Memory, Mimesis and the Circulation of Emotions in Rituals
Published on Nov 29, 2020in Social Science Research Network
· DOI :10.4324/9780367818357-6
(FU: Free University of Berlin)
Estimated H-index: 26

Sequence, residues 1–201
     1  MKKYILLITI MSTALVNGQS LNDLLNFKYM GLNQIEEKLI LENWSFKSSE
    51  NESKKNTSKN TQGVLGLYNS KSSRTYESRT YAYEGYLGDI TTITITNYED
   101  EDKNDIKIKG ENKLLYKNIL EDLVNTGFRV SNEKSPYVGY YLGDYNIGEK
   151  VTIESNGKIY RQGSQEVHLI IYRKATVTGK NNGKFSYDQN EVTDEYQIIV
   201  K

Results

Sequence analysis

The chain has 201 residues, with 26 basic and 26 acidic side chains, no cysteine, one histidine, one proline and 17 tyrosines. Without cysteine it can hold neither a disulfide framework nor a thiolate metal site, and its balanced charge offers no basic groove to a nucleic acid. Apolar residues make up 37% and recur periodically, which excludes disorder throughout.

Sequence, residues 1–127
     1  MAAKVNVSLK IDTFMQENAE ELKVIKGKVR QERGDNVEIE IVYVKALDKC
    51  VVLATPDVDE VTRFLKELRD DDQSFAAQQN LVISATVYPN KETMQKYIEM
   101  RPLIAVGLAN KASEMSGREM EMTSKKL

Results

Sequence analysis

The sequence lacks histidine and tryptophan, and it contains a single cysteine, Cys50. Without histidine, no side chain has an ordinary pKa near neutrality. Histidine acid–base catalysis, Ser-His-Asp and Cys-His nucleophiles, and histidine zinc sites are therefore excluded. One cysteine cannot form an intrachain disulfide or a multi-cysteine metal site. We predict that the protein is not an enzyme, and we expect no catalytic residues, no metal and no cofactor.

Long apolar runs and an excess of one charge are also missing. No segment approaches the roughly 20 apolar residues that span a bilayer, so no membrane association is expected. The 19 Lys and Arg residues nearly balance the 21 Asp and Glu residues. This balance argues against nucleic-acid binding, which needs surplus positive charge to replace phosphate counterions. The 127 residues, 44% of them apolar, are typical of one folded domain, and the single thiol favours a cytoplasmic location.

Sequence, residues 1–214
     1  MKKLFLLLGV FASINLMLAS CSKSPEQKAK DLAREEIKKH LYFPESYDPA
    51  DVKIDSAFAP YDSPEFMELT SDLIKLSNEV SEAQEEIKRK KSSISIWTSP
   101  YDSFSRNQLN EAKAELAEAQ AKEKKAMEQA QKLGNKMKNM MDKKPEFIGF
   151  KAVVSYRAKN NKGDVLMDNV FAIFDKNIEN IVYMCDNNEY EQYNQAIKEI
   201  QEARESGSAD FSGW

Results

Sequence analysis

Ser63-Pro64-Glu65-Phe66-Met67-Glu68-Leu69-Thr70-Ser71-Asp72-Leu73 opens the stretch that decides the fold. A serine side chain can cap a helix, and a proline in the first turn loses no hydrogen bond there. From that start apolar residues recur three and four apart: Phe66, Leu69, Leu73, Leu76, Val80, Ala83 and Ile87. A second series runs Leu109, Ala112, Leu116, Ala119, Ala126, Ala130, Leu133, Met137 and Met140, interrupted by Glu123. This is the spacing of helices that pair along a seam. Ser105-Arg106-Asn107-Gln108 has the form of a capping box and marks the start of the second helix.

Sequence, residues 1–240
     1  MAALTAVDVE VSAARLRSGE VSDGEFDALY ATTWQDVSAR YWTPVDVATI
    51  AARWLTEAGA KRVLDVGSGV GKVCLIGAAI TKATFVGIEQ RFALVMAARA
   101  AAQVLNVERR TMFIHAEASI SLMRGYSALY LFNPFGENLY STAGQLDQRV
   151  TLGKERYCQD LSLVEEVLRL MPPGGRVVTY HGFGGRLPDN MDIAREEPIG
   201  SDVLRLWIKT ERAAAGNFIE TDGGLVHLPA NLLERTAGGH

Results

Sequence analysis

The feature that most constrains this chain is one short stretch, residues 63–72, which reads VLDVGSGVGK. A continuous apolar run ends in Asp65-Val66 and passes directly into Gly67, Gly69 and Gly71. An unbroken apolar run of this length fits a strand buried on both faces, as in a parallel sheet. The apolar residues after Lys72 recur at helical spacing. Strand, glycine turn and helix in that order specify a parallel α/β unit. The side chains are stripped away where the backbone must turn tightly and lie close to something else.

In this article, I will demonstrate how mimetic and performative processes play a central role in the creation and circulation of emotions in rituals. Following the clarification of some concepts which are important for my arguments, I will explain using the example of Michael Jackson’s funeral how rituals create emotions in mimetic and performative processes, which due to their uniqueness and intensity are remembered by the participants. In this example, I will illustrate that rituals are very important for the creation and circulation of emotions. The same also applies to religious rituals, ceremonies and celebrations, as well as transitional and everyday rituals, which give order and purpose to people’s lives. Many of the emotions created during daily rituals and the effects of rituals do not enter our consciousness; in fact, they become a part of our memory but are not available to be remembered. Nevertheless they are of central importance for the development of an individual and collective identity because they create competencies which we have, but whose origin in ritualistic learning processes we have forgotten about.